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Art

Bordalo II Combines Salvaged Neon Tubes, Industrial Materials, and Other Waste into Lively Trash Animals in a New Retrospective

October 7, 2022

Grace Ebert

All images © Bordalo II, shared with permission

A seven-meter-tall squirrel made of railway dividers, decommissioned industrial hoses, and shopping carts in disrepair opens a massive retrospective from Portuguese artist Bordalo II (previously). Spanning ten years of his career, EVILUTION reflects the environmental themes the artist has been drawn to for at least the last decade that are reflected through his signature Trash Animals, creatures comprised of entirely salvaged materials. Spray-paint cans are slotted into an abstract mosaic of a raccoon, while neon tubing illuminates a range of sculptural creatures including a fox, spider, and even a snail strapped to an electric scooter.

EVILUTION, which opens this weekend at the Edu Hub of Lisbon, exposes the incredible array of material humans discard and how such waste affects the environment and biodiversity. The show also marks Bordalo II’s first foray into neon, which he describes in a statement:

It’s unbelievable what people throw away. Many of our sculptures use obvious household trash, but we want to show that there’s a whole ecosystem of junk laying around out there that is threatening nature. That includes things like generations of broken neon tubes, which most people wouldn’t ever think about…EVILUTION is a kind of retrospective of everything I’ve been doing over the last ten years and also a way of looking towards the future.

Head to the artist’s Instagram for a preview of the exhibition, which runs from October 8 to December 11.

 

 

 

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Art

Bulbous Inflatable Installations by Steve Messam Interact with Historic Architecture and Landscapes

October 5, 2022

Kate Mothes

“Spiked” (2021). All images © Steve Messam, shared with permission

U.K.-based artist Steve Messam is known for his artistic interventions in the landscape, reinterpreting historical monuments, buildings, or rural areas with bold, ephemeral installations. Often inflated, his works reimagine or disrupt perceptions of our surroundings and impact how people move around and through them. Bright colors and striking forms that jut from colonnades, facades, and river banks prompt viewers to consider their relationships to the built environment.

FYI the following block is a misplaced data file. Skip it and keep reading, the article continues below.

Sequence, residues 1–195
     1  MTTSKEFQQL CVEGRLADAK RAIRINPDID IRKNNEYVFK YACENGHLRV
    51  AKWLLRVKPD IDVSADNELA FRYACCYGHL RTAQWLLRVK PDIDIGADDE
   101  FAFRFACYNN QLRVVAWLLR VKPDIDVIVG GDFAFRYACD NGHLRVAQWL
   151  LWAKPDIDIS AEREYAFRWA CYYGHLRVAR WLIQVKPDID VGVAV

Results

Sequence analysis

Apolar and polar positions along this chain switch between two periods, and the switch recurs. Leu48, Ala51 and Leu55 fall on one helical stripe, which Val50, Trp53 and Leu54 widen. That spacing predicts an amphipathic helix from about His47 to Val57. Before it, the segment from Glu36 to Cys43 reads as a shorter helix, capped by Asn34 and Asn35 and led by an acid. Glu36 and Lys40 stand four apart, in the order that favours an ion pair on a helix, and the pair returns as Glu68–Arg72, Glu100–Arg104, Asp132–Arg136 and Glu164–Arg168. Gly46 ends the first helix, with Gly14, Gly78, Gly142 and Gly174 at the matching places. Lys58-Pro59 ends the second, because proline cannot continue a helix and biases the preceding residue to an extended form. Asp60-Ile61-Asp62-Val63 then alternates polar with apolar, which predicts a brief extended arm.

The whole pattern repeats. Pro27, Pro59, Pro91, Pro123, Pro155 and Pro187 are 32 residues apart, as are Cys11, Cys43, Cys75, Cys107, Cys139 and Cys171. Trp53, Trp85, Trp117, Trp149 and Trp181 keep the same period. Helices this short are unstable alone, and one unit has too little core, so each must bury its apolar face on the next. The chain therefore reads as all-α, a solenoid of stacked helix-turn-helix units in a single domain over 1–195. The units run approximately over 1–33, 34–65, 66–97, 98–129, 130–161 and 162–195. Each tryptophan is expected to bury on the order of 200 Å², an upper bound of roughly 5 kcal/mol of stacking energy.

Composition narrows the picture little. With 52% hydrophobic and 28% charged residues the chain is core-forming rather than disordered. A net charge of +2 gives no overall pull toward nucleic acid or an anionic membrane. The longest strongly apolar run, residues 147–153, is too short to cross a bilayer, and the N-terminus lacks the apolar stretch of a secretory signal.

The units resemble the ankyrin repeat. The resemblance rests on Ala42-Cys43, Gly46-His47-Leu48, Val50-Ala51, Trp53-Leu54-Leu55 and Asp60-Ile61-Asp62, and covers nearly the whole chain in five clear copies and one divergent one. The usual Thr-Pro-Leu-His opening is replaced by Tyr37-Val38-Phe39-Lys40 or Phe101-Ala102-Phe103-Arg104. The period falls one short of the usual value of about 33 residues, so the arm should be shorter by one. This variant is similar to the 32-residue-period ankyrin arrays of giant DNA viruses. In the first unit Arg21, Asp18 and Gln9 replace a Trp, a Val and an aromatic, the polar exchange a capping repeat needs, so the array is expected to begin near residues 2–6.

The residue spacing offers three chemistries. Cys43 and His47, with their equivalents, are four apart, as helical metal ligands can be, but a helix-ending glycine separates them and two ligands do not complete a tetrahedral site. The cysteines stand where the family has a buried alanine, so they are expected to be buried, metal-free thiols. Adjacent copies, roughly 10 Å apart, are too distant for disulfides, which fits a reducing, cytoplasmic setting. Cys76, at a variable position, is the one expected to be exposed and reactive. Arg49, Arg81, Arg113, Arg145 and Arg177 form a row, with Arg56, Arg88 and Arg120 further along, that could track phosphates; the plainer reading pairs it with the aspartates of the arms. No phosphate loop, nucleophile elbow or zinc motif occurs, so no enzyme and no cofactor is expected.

As part of BlowUp Art Den Haag, a three-week outdoor exhibition featuring large-scale, temporary, inflatable artworks throughout The Hague, the artist has unveiled new work marking two notable locations. For one, a bronze statue of William I, or Willem de Oranje, who founded the Netherlands as an independent nation, a tube of green spikes playfully encircles the monument, transforming the atmosphere of the main square it overlooks.

You can find more work on Messam’s website and Instagram.

 

“Oranje,” (2022). Photo by Pim Top / Hague & Partners

Left: “Bridged” (2021). Right: “Multiform*” (2022)

“Portico” (2022)

“Oranje.” Photo by Pim Top / Hague & Partners

“Tunnel,” (2022). Photo by Pim Top / Hague & Partners

 

 



Art

Street Artist Blu Protests the Valencia Port Expansion with a Tumultuous Battle Between Nature and Guards

October 5, 2022

Grace Ebert

All images © Blu, shared with permission

The legendary anonymous street artist known as Blu has spent his career critiquing the ills of capitalism, the carceral system, and the destruction of the environment, among myriad other problems afflicting the world today. One of his most recent projects brought him back to Sensemurs Valencia to paint a charged mural protesting the expansion of the port in the Spanish city.

The 2022 festival centered around the government’s extension of the industrial area to the north, which would “mean, among many other things, the final lunging to the beaches of l’Albufera (and) the multiplication of air pollution of ships and truck traffic.” Part of a movement to halt the proposal, the public art event brought several muralists to the city, including Blu, whose multi-part work features a battle between fist-shaped trees and port defenders. Similar to some of his earlier projects, this piece is designed as a sequence that when photographed and stitched together, creates an animation. Yellow shipping containers morph into armored guards, who are swiftly pummeled and destroyed as nature resurges from the ground.

To see more of Blu’s recent works, including a piece speaking to the current fossil fuel crisis, visit his site and Instagram.

 

 

 

 



Art

From Play to Politics, Artist S.C. Mero Transforms Los Angeles’s Streets into Sites of Satire

October 4, 2022

Grace Ebert

“Vote-by-Mail” (2020). All images © S.C. Mero, shared with permission

An explosive mushroom cloud, an absurdly large bike lock, and a lobster served up from a pothole are a few of the installations from artist S.C. Mero that relay both the irony and irreverence of modern life. Working across Downtown Los Angeles for the last decade, the artist transforms infrastructure into temporary sites of critique and play. “Both of those realities are equally true not only of my environment but life itself,” she says. “Given the nature of this neighborhood, the subject matter can seem quite political because the disparity of wealth and its consequences are more apparent here.”